Table of Contents
Background on Communication
Spoken and written communication is like one big game of telephone. Sometimes we hear the original tale, and other times we hear a retelling of the story. In this lesson, we’re going to explore what that means by studying the difference between direct and indirect speech and learning proper grammar techniques for both.
Direct speech, also known as quoted speech, consists of words or phrases that are taken directly from the source. These words are quoted or written exactly as the words were originally spoken.
With regard to direct speech, there is no interpretation or annotation; the words are taken directly from one source and repeated to another. In other words, we take the words directly from the speaker and repeat them exactly as they were originally stated.
Here are some examples of direct speech:
- Jonah said, ”I don’t like your hat.”
- Jonah said, ”Please take off that Yankees hat.”
- Jane said, ”It’s not my fault that you are a Red Sox fan.”
In these examples, the direct speech is shown in quotations, which signifies that the speech is taken directly from the source with no alterations.
Indirect speech, also known as reported speech, is when words or phrases are reported in our own words. The original words are modified and/or interpreted as opposed to being quoted.
When talking about indirect speech, we use words that refer to something that has already happened. To do so, we are speaking in the past tense and are summarizing, modifying, or synthesizing what has already been said.
Here are some examples of indirect speech:
- Amy said it was cold.
- He said he had been on Facebook since 2010.
- She said she had been teaching college classes for two years.
Direct and Indirect Speech Exercise with Answers
Turn the following sentences into indirect speech.
1. John said, ‘I am very busy now.’
2. He said, ‘The horse has been fed.’
3. ‘I know her name and address,’ said John.
4. ‘German is easy to learn,’ she said.
5. He said, ‘I am writing letters.’
6. ‘It is too late to go out,’ Alice said.
7. He said to me, ‘I don’t believe you.’
8. He says, ‘I am glad to be here this evening.’
9. He said to me, ‘What are you doing?’
10. ‘Where is the post office?’ asked the stranger.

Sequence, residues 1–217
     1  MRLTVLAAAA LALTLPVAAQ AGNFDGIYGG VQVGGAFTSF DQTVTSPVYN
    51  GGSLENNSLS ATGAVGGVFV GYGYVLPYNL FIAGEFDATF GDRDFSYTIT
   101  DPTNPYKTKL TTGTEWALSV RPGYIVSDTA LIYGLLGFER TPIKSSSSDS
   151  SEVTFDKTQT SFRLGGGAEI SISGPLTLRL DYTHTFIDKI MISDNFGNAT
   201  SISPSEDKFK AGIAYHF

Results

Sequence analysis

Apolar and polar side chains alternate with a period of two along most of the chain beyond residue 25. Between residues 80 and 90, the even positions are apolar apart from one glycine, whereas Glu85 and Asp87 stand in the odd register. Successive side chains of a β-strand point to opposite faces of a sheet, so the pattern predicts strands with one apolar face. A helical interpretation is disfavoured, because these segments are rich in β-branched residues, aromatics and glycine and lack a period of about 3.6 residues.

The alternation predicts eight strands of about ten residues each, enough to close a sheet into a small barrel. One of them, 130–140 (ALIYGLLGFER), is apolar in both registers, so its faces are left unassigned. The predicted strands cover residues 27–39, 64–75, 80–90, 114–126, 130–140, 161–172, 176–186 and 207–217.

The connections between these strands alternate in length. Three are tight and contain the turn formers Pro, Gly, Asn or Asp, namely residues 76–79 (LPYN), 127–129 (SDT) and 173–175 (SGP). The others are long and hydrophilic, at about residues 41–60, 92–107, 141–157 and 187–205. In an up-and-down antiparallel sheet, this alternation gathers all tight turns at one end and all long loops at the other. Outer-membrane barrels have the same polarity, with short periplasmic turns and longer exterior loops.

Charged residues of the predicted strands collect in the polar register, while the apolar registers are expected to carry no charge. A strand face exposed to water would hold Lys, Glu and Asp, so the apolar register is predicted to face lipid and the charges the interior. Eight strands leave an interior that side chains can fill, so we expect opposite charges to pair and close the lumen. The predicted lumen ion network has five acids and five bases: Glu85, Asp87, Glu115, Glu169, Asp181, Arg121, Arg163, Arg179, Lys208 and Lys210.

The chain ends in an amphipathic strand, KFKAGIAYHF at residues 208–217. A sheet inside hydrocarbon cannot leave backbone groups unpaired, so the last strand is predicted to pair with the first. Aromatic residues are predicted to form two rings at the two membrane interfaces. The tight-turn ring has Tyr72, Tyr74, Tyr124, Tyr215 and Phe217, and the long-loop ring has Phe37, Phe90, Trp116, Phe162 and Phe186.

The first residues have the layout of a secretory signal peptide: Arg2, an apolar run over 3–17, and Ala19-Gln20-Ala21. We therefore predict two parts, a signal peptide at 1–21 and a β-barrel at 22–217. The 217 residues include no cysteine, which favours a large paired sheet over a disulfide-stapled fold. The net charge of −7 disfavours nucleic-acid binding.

11. He said, ‘Will you listen to me?’
12. John said to Peter, ‘Go away.’
13. She said to me, ‘Please wait here till I return.’
14. ‘Call the witness,’ said the judge.
15. The speaker said, ‘Be quiet and listen to my words.’
1. John said that he was very busy then.
2. He said that the horse had been fed.
3. John said that he knew/knows her name and address. (Note that the tenses may not change if the statement is still relevant or if it is a universal truth.)
4. She said that German is/was easy to learn.
5. He said that he was writing letters.
6. Alice said that it was too late to go out.
7. He told me that he didn’t believe me. OR He said he didn’t believe me.
8. He says that he is glad to be here this evening. (When the reporting verb is in the present tense, adverbs of time and place do not normally change in indirect speech.)
9. He asked me what I was doing.
10. The stranger asked where the post office is/was.
11. He asked me if I would listen to him.
12. John ordered Peter to go away.
13. She asked me to wait there till she returned.
14. The judge commanded them to call the first witness.
15. He urged them to be quiet and listen to them.
Below are few more examples of converting to direct and indirect speech
Exercise 1: Change into indirect speech
Read the following sentences and convert them into indirect speech.
- Rahul told to me, “When are you leaving?”
- “Where do you live?” the stranger asked Aladdin.
- The teacher said to Shelly, “Why are you laughing?”
- Dhronacharya said to Arjun, “Shoot the bird’s eye.”
- “Call the first convict,” said the jury.
- “Call the ambulance,” said the man.
- Bruce said to me, “I shall do the work.”
- My mother said to me, “You were wrong.”
- Mr Richard said to me, “Please wait here till I return.”
- The captain said to me, “Bravo! You have played well.”
- Raj said, “Alas! My pet died.”
- Ruchi said, “I may go there.”
- Bucky said to Steve, “Do you hear me?”
- The boy said, “Let me come in.”
- Granny said to me, “May God bless you.”
- Rahul asked me when I was leaving.
- The stranger asked Aladdin where he lived.
- The teacher asked Shelly why he was laughing.
- Dhronacharya ordered Arjun to shoot the fish’s eye.
- The jury ordered to call the first convict.
- The man urged to call the ambulance.
- Bruce said to me he would do the work.
- My mother told me that I was wrong.
- Mr Richard requested me to wait there till he returned.
- The captain applauded me, saying that I had played well.
- Raj exclaimed sadly that his pet died.
- Ruchi said that she might go there.
- Bucky asked Steve if he heard him.
- The boy asked to let him come in.
- Granny prayed that God might bless me.
Convert the following into Direct Speech
Read the following passage and convert it into direct speech.
One of them told Issac that the latter had forgotten one thing that belonged to a mill. Issac enquired what that was. The friend asked where the miller was. Issac replied that (absence of the miller) was true – and he must look for one.
“But Issac,” said one of them, “you have forgotten one thing that belongs to a mill.”
“What is that?” asked Issac.
“Why, where is the miller?” said his friend.
“That is true – I must look for one,” said Issac.
Frequently Asked Questions
What is direct speech?
When the actual words/sentences as spoken by the speaker are quoted in a speech, it’s called direct speech/narration.
What is indirect speech?
When the quoted speech is reported in the form of a narrative without changing the meaning of the actual quotation/words by the speaker, it’s called indirect speech/narration.